Department of geography
Najat Bhiry (Regular member)
Dominique Todisco (External collaborator)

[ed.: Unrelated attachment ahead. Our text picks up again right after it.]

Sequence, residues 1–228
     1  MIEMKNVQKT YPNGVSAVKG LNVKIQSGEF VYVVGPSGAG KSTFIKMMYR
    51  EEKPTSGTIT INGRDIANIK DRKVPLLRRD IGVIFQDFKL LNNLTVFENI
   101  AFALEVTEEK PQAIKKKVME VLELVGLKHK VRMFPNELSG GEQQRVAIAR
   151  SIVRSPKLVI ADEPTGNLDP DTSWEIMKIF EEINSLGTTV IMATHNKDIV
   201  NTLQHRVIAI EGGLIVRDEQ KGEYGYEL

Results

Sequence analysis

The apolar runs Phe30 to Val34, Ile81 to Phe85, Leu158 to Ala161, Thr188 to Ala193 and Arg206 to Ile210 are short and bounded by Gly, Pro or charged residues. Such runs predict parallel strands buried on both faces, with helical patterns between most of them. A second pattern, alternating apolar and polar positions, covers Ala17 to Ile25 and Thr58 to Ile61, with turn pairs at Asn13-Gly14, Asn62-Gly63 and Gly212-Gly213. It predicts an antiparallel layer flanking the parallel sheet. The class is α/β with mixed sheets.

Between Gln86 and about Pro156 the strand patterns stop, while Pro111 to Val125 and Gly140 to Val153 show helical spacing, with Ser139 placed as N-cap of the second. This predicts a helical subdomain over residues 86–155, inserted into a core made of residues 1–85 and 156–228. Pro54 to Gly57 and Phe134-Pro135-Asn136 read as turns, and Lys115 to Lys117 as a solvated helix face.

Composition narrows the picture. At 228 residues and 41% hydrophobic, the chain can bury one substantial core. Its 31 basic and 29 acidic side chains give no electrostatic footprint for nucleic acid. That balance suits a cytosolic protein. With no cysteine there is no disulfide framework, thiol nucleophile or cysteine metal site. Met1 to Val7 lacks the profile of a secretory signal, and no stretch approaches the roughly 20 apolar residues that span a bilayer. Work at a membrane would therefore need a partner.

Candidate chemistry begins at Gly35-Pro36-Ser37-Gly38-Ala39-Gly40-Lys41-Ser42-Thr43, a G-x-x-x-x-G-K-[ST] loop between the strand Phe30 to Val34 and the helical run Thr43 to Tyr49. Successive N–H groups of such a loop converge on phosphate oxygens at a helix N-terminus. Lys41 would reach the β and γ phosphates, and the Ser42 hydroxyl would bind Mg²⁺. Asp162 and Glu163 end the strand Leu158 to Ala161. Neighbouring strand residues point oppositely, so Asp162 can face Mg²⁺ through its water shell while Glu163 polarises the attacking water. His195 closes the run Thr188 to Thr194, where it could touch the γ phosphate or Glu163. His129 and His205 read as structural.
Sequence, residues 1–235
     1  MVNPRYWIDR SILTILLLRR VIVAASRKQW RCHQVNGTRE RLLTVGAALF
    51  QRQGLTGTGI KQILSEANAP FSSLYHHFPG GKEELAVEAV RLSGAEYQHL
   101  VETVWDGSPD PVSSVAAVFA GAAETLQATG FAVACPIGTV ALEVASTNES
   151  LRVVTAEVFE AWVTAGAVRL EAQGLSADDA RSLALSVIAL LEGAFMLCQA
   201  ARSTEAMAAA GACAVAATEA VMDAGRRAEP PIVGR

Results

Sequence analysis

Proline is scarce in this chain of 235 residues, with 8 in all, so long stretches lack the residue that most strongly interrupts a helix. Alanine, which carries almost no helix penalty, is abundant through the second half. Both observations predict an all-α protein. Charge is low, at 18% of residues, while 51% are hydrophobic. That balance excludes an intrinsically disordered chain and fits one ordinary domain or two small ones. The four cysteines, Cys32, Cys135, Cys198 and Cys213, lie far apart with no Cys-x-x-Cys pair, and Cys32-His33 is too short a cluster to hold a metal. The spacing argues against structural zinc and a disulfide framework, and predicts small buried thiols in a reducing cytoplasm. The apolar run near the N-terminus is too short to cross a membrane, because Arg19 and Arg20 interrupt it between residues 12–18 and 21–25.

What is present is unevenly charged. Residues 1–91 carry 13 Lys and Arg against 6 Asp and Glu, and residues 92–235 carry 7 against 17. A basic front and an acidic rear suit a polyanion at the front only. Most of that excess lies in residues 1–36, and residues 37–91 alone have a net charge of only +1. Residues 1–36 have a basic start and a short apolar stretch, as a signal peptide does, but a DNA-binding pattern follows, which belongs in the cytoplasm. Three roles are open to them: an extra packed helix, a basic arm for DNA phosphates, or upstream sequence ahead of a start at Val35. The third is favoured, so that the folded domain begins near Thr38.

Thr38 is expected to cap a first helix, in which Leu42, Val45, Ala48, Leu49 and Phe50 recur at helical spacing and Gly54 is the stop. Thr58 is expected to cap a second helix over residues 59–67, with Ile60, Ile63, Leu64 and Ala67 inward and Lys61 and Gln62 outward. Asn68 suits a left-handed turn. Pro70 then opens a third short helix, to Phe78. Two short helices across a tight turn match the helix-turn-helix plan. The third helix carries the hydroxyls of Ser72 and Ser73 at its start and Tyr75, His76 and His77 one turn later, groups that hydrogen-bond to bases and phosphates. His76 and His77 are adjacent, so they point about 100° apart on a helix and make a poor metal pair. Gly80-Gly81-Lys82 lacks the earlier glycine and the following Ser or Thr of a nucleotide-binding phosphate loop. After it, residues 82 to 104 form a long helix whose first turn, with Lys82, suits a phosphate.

IntroductionOne of the main indicators of climate change in northern regions is the accelerated degradation of permafrost. Few is known of the impact of this process on archaeological heritage. However, pre-Inuit and Inuit archaeological sites are mostly located on coasts, in arctic or subarctic environments. Permafrost thaw may lead to erosion of these sites by coastal processes, and organic artefacts once preserved in permafrost could be affected by bacterial processes leading to their alteration. Archaeological excavations and geoarchaeology allow the study of these phenomena but they are costly in time and financial resources, hence the interest of using geophysical techniques; they are fast and non-destructive. Thus, the research question is: how does the characterization of Subarctic soil and subsoil through a multi-method geophysical approach add to the understanding of the spatial variability of permafrost supporting archaeological sites?ObjectivesThe main objective of this research is to characterize the substrate supporting archaeological sites in the Nain Archipelago (Labrador, Canada) using data collected by three complementary geophysical methods and photogrammetry. Three specific objectives are targeted: 1. To determine the spatial variability of permafrost, bedrock, and Quaternary sediment stratigraphy. 2. To define the visible and invisible archaeological structures in relation to the surrounding cryogenic context. 3. To develop a geovisualization of the topographic expression of the soil in relation to the cryogenic conditions of the subsoil. Study sitesTwo sites will be studied: the Oakes Bay 1 site, situated on a bank of a bay in the north of Dog Island, and the South Aulatsivik 6 site located on a tombolo in the southern part of South Aulatsivik Island; these two islands are among the largest islands of the Nain Archipelago (Labrador, Canada). Both sites are in a subarctic environment. There is therefore discontinuous permafrost. Seven semi-subterranean houses, dating from 17th century Inuit occupation, form the main component of the Oakes Bay 1 (HeCg-08) site on Dog Island. On South Aulatsivik Island, excavations at the South Aulatsivik 6 (HdCi-20) site have so far helped identify eight semi-subterranean houses, dating from the 18th to 19th centuries. On the islands, the houses are located near the coasts and near thermokarst formations such as ravines and ponds.Material and methodsThe sites were studied using an innovative interdisciplinary approach combining geophysics, photogrammetry and geoarchaeology, and various surveys were carried out. Indeed, three complementary geophysical methods have been chosen: electrical resistivity tomography (ERT), ground penetrating radar (GPR), and electromagnetic induction (EMI). Using these methods, 26 areas and profiles of interest were studied in the field, including seven in or crossing semi-subterranean houses. Numerous results illustrating the electrical and magnetic properties of the substrate have thus been obtained, which will be supplemented by geoarchaeological data in order to produce a multiproxy analysis of the study sites. Drone photogrammetric surveys were also carried out in the field by members of the research team.Expected resultsAll the required geophysical surveys were carried out in summer 2022. The upcoming months will be devoted to data processing and interpretation of electrical and magnetic signatures, as well as modeling of geophysical data using microtopography (photogrammetry). The combination of geophysical data with archaeological and geoarchaeological information already acquired and published will make it possible to characterize (in three dimensions) the physical and archaeological attributes of the study sites and their interrelations.
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